In early February, The New York Times published this article, EPA Workers Try to Block Pruitt in Show of Defiance, which focused on how many current and former EPA employees were protesting and contacting their senators in an attempt to block Pruitt’s confirmation as the new head of the EPA. Pruitt’s nomination was largely contested due to his ties to fossil fuel industries as well as his ideology when it comes to environmental regulation. He’d previously sued the EPA on numerous occasions to prevent various regulations from being put into place.
This article shows an interesting side of this issue that I hadn’t previously been exposed to, and that was how these workers were reacting to the idea of Pruitt taking charge of the EPA. The author mentioned how it’s uncommon in a bureaucracy to see workers join together and contact their government representatives in an event like this. I like how they had quotes from employees who wished to block the confirmation, as well as a quote from a senior official, Jeffrey Holmstead, who gave a different take on these protests, saying that they were demonizing Pruitt. I had imagined that the entirety of the EPA was against the Pruitt nomination, but it appears that he had some support within the agency as well.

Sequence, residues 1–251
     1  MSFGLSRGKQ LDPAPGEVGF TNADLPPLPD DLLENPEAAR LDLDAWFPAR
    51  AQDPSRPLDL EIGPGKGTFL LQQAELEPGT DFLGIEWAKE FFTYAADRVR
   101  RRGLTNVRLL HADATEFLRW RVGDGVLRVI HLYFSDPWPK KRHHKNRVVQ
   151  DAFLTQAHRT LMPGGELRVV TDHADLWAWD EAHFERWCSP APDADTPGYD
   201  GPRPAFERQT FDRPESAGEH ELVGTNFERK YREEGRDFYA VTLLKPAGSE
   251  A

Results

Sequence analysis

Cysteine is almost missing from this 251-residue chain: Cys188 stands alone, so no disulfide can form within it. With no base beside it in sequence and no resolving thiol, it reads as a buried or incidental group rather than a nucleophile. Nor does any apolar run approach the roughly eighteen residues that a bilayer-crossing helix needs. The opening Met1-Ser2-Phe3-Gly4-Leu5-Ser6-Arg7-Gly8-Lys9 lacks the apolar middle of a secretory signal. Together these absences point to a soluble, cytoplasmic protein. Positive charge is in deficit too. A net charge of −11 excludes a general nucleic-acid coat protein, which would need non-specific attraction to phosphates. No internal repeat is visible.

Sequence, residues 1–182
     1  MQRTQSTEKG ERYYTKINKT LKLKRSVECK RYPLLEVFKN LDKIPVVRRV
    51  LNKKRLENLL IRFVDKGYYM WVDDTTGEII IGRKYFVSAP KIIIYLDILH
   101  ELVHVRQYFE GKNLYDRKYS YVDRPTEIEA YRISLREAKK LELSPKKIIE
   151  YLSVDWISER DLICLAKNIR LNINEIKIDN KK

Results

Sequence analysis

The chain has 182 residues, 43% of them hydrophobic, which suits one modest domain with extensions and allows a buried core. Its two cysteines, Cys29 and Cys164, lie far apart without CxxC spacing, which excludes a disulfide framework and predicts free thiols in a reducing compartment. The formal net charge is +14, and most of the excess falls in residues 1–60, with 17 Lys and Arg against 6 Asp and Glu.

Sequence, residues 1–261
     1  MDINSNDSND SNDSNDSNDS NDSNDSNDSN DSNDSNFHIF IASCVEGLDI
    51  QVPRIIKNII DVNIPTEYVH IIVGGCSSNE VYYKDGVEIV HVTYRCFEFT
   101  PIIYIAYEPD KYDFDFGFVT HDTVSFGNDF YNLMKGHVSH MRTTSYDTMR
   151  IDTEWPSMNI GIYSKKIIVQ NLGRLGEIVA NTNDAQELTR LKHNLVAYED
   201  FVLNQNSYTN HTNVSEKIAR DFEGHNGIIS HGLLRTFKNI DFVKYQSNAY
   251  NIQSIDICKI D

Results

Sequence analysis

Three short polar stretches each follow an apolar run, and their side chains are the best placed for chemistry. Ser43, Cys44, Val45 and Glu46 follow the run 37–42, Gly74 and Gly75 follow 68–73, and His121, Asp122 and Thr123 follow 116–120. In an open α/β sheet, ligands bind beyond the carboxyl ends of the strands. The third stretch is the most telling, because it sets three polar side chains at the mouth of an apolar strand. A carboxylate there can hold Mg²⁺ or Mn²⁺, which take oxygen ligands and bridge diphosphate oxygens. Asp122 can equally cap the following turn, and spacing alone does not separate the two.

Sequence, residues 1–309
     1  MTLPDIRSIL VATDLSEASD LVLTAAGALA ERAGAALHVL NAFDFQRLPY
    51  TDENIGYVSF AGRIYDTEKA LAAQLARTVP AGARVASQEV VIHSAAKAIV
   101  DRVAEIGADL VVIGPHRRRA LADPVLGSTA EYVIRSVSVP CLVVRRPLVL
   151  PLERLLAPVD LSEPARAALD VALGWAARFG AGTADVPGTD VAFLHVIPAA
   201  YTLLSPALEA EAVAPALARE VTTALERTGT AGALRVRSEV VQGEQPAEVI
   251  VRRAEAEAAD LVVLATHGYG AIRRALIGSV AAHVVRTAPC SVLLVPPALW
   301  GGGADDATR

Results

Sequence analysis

The article ended with what I considered to be a strong kicker because makes readers wonder about the consequences of Trump’s plans for possible dismantling the EPA and how difficult it would be to revive the agency was it was ended. With all of that being said, what do you think made this article unique? Many other authors have written about individuals contacting the government and taking other actions in response to political nominations, so why would this article stand apart from all of the other ones? How do you think members of a political institution who were opposing changes in leadership feel about having their names and opinions shared by a national news outlet when it may potentially jeopardize their careers?